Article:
## A SYMBOLIC TREATMENT OF FALSE COURSE HEADS

### By MAURICE HODGSON

1. Introduction

The history of mathematics records several occasions when failure of the prevailing symbolic language to cope with unwieldy expressions has led to the development of a more compact notation by which complicated ideas could be expressed intelligibly. Such innovations have in turn led to an increase in knowledge, for the chief merit of a compact notation is that the significance of statements can be readily grasped and their implications more easily studied.

With this experience as a guide, a symbolic approach to the theoretical aspects of change ringing promises to be attended by similar advantages.

The present paper records an attempt at applying such a treatment to the properties of false course heads in treble-dominated Major methods. Many of the results obtained are well known, but others have not, as far as the writer is aware, been previously published.

2. Symbols

Before proceeding to applications of the symbolic treatment, the symbols employed must be defined and their properties demonstrated. As there is a superficial resemblance between the behaviour of the symbols and the rules of ordinary algebra, it will be natural to pursue the analogy by borrowing from algebra any technical terms required.

Capital letters of the italic (sloping) alphabet will be used to denote rows. Certain letters will be given a permanent significance, while others will be defined as occasion demands, or will represent unknown rows (in the same way that x proverbially represents the unknown quantity in algebra).

Ordinary numbers will be represented by small (lower case) italic letters.

3. Multiplication

The multiplication sign ‘×’ will be used to mean ‘transposed by.’ For example, 4372856 × 8627534 = 6845237. When rows are represented by letters, however, the multiplication sign will usually be omitted (as in algebra) and U transposed by V will be written ‘UV.’

The multiplication of rows differs in an important respect from ordinary multiplication. 5 × 2 = 2 × 5, and yx = xy; but VU is not generally equal to UV. Symbols must accordingly be written in the correct order.

4. Division

Transposition of one row by another having been regarded as multiplication, we will next consider what operation on rows corresponds to division. Now, in algebra, x ÷ y is often written xy -1 that is ‘x divided by y’ is the same as ‘x multiplied by the reciprocal of y.’ The operation of division has thus been converted into one of multiplication.

Applying the same rule to rows, ‘U divided by V’ will be translated into ‘U multiplied by the reciprocal of V’ and will be written ‘UV -1,’ where the notation ‘V -1 indicates the reciprocal of V, as well be explained in a later section.

The reciprocal of a given row is the row by which the given row must be transposed to produce rounds.

Taking the same values for U and V as in Section 3,

 U ÷ V = 4372856 ÷ 8627534 that is, UV -1 = 4372856 × (8627534)-1 = 4372856 × 4786352 = 7568324

In practice, division can be performed directly by writing the row to be divided over the divisor. The quotient is then obtained by writing down the numerals in the top row in the positions indicated by the numerals under them.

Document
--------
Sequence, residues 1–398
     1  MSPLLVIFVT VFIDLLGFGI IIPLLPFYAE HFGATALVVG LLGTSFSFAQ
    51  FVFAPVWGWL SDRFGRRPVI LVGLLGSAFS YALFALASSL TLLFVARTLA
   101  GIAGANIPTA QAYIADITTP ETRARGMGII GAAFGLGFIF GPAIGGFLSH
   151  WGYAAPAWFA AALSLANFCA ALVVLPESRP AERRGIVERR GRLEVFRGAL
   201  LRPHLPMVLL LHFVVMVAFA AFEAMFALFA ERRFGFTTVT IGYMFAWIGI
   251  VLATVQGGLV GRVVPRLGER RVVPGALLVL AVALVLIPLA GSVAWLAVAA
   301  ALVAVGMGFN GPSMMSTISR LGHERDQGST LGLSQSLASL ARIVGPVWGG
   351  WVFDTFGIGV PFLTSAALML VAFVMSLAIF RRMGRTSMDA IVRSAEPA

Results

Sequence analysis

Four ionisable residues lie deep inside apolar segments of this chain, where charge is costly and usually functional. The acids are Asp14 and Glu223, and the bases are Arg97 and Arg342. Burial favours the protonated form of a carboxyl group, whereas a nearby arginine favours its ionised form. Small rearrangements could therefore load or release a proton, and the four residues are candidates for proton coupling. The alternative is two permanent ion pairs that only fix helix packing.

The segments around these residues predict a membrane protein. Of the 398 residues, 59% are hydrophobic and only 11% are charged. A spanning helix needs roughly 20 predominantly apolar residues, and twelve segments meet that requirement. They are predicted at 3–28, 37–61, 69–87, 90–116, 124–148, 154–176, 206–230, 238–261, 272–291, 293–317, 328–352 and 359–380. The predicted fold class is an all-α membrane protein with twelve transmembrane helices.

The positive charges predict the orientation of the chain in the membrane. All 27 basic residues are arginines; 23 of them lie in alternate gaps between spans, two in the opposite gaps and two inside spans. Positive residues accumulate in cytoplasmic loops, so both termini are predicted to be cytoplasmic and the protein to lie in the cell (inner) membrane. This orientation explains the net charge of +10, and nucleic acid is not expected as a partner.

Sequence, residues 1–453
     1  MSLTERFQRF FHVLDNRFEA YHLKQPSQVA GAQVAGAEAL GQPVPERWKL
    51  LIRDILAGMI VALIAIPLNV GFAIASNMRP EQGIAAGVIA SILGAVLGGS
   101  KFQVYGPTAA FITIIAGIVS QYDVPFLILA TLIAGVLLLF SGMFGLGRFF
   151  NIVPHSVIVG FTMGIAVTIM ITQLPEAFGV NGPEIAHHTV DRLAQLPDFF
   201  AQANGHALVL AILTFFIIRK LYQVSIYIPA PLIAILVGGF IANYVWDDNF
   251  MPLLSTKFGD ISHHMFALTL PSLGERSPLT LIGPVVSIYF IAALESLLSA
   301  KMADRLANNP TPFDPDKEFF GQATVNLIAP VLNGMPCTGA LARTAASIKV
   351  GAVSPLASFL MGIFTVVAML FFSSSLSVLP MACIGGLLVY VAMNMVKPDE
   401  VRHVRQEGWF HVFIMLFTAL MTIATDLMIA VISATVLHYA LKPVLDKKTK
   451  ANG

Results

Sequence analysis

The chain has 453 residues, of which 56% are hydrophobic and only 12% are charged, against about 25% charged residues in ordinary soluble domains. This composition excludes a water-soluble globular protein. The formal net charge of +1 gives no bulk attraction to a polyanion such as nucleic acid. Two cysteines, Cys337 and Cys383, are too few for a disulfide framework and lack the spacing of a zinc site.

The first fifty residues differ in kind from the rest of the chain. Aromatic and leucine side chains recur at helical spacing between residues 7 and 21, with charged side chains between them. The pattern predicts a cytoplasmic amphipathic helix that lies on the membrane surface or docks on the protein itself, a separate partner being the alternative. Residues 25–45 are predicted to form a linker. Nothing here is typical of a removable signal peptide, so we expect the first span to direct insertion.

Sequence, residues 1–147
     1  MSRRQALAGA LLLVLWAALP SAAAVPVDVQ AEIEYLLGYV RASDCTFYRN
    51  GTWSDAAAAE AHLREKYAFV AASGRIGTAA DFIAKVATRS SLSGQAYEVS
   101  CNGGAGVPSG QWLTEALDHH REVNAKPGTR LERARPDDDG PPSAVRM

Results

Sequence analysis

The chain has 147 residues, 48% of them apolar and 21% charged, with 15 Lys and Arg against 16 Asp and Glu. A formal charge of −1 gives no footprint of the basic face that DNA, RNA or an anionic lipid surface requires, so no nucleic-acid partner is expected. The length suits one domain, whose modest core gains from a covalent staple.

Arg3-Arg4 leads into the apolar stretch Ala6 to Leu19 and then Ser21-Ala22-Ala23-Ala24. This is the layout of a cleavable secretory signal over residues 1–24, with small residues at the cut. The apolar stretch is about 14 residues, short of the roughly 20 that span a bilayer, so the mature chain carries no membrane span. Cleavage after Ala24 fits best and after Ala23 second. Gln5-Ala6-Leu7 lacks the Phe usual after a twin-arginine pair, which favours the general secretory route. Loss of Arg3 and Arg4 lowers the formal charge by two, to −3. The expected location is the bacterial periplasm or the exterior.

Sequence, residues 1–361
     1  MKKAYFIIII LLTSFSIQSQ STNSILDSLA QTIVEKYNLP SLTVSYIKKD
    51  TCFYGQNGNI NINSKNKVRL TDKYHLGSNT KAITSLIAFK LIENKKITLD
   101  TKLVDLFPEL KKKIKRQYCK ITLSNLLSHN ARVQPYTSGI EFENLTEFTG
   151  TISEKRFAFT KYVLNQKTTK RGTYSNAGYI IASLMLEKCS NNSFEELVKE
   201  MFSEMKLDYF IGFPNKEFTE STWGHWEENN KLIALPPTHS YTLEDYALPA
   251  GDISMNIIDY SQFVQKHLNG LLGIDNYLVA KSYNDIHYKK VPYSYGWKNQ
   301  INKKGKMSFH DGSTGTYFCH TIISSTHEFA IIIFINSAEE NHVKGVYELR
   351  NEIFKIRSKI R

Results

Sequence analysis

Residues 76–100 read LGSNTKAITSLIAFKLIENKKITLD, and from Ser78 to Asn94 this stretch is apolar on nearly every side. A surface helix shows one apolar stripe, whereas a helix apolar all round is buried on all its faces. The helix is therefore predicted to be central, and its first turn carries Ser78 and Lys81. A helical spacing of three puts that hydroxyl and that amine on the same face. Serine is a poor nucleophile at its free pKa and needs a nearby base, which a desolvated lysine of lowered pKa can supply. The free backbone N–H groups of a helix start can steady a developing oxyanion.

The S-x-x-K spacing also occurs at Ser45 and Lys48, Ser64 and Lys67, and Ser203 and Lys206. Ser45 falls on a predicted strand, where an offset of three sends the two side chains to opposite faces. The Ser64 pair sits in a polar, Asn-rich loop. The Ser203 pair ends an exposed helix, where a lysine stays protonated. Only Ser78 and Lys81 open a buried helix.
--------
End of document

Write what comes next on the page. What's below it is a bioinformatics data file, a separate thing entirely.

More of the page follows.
Example: U = 4372856 As 7 is over 2, write 7 in second place; as 5 is over 3, write 5 in third place; and so on. V = 8627534 UV -1 = 7568324

Incidentally, taking the reciprocal of a row is merely a special case of division, with rounds as the numerator.

Example:
 2345678 V = 8627534 V -1 = 4786352

5. Powers

In algebra, if a term a is multiplied by itself, the result is written a 2 similarly, a × a × a is written a 3. The small numeral is called the ‘index’ and indicates the number of a’s to be multiplied together. a 2 is is second power of a and is read as ‘a squared’; a 3 is the third power and is called ‘a cubed’; the fourth power, a 4, is read as ‘a to the fourth’ and similarly with other high powers.

(The first power, a 1, is a itself, and the index ‘1’ is written only when we wish to emphasise that we are thinking of a as its own first power.)

The same notation will be applied to rows.

 Let T = 4573862 T 2 = 4573862 × 4573862 = 7365284 T 3 = T 2 × T i.e. T 3 = 7365284 × 4573862 = 6583427

If a number of powers of the same term are multiplied together, the index of the result is the sum of the indices of the powers. For instance, T 2 × T 3 = T 2+3 = T 5; and T 4 × T 2 × T = T 4+2+1 = T 7. To realise this, it is simply necessary to remember that T 2 = T × T and T 3 = T × T × T, therefore T 2 × T 3 = T × T × T × T × T = T 5.

We are now in a position to show, as promised in the preceding section, that the index ‘-1’ means ‘the reciprocal of.’

Still taking T = 4573862, its reciprocal is 8523746.

 Now T 3 × reciprocal of T = 6583427 × 8523746 = 7365284 But 7365284 = T 2 that is, T 3 × reciprocal of T = T 2

In order that the rule regarding the multiplication of powers shall apply (as it must if it is to be a general rule) the reciprocal of T must be written ‘T -1.’

then T 3 × T -1 = T 3-1 = T 2

A meaning can also be found for a zero index.

For T 1 × T -1 = T 1-1 = T 0